“He [Woodruff] was trying to walk Cully down with his hands down to show how tough he was… I’m not really interested in how tough fighters are. I’m interested in them having a good career, preferably winning titles, making a few quid and retiring healthy. If you continue to fight like that, it’s not going to happen but the positives that I can take out are the fact that he never gave up.”

Garner was just direct in his instructions to Woodruff on the night and he called for more urgency at the halfway point. Cully had measured the range and stayed away from danger up to the fifth round but he slipped up by overcommitting to a long left hand. It was easily parried by Woodruff, so the Welshman quickly reacted with his own backhand. A chopping right cross smashed into Cully’s temple and it sent the unbeaten contender crashing backwards, horizontal like a log hacked by a lumberjack. Suddenly Woodruff, kitted out in the black and amber of his native city, threatened to cause a completely unexpected turnaround.

“I was just trying to motivate him [Woodruff] to throw more punches,” Garner revealed. “The one thing he really needed to do to win that fight, when it became obvious Cully wanted to keep it long, was to punch with Cully. Throw with him and throw some more when he’s in the pocket. I couldn’t get Craig to do that [enough] but when he did, he had success.

“On the night, I was a bit disappointed with his discipline because he did allow himself to be frustrated but I wasn’t disappointed with his power. He proved that in the fifth [round] when he decked Cully with an outrageously powerful overhand right. I think that most fighters in the division would’ve struggled to get up from that.

“I think, and you see this quite often in boxing, what woke him [Cully] up was the impact of hitting the floor.”

Over two minutes remained in the round and Cully used an assortment of grappling techniques to kill the clock. At first, he bought time by crudely bear hugging Woodruff from behind. Then the referee was needed again because the next attack was thwarted by an uncoordinated headlock. Woodruff’s swings became wild as he wrestled with Cully, who completed his recovery a minute after hitting the deck, and the moment was gone. It was confirmed when Cully finished the round by unleashing his own accurate volleys.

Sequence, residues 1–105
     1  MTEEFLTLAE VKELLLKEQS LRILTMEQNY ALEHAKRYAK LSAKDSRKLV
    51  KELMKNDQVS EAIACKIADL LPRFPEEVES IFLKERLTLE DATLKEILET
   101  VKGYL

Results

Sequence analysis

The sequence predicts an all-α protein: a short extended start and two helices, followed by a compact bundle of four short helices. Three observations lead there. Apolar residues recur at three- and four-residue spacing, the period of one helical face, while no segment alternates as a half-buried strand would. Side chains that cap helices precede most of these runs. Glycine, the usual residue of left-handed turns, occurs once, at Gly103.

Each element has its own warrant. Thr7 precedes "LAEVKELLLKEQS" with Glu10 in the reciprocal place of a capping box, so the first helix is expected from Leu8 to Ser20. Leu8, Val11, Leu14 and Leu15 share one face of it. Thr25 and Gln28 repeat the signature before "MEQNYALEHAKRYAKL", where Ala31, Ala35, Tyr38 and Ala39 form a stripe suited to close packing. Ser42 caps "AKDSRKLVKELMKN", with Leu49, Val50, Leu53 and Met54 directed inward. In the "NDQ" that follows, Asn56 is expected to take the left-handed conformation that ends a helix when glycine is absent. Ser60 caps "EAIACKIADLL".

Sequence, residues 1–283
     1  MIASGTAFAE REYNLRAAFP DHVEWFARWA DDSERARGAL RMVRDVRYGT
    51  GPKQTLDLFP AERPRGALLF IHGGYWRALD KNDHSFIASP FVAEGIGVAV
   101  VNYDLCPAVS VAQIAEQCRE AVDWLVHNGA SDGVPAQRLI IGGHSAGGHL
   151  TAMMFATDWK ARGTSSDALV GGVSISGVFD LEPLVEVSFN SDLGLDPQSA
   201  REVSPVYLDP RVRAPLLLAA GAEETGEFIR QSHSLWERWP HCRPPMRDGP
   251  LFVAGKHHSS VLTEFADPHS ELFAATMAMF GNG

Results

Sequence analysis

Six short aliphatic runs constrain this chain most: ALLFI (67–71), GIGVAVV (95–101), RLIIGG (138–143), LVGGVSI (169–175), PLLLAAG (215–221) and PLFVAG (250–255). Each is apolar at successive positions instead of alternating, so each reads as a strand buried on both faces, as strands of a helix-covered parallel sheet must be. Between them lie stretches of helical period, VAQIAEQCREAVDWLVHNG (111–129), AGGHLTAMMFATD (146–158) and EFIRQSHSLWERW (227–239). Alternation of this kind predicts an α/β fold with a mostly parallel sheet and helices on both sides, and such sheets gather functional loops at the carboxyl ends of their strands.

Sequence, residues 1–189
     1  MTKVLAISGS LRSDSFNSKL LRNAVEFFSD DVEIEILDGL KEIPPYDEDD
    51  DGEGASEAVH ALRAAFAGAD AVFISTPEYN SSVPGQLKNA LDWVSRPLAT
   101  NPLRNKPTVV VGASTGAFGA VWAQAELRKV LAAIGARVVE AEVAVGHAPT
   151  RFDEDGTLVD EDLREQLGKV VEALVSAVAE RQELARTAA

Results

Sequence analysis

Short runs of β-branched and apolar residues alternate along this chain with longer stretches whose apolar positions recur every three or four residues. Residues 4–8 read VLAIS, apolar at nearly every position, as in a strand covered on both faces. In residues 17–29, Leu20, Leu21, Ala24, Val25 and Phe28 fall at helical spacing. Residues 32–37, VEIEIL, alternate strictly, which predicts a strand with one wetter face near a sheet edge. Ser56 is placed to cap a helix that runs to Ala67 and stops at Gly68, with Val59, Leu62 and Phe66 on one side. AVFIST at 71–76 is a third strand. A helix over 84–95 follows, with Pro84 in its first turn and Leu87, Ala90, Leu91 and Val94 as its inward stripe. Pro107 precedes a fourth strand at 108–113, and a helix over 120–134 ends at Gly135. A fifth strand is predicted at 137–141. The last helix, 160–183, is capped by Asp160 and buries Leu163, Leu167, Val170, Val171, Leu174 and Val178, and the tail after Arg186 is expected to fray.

Garner, no stranger to BBBoC disciplinary hearings, risked another appearance with his complaints from the corner. “I was highly critical of the referee. Even before the knockdown, the referee was letting Cully get away with holding. Craig was the stronger guy inside. Cully tried to keep things long and at a distance and then as soon as Craig came near him, he was grabbing and clutching.

“When Craig dropped him in the fifth, the holding was just absolutely outrageous. He literally clung to Craig until the end of the round and there wasn’t a single warning, much to my disappointment and I let the referee know it in between rounds.

“I was screaming at the referee, to the point where I had a couple of warnings from the supervisor.”

Woodruff’s intent remained but the poise was removed from his punches. Instead, he swung so hard that he spun 360 degrees and gave Cully the space to skip away. Whenever Woodruff found the target, it was more of a cameo than sustained success and Cully’s consistency stayed as the main difference. The eighth round followed a similar pattern and the eventually wide score didn’t reflect the competitiveness of the fight.

Ever since the former Welsh lightweight champion turned professional in 2012, Woodruff had been on the outside looking in. The difference in 2020 was that he was no longer ill-prepared or being thrown to the wolves, facing the likes of Olympic gold medallist Luke Campbell on short notice as he had in 2014. In this phase of the 27-year-old’s career, he was equipped with a strong support network in both his training and management. It’s true that defeat to Cully, the sixth of Woodruff’s career, definitely hadn’t advanced his standing but, in reality, at least it didn’t set him too far back either.

This article first appeared in the Welsh Boxing Annual 2019-2020. Click here to buy on Amazon.

Image by MTK Global.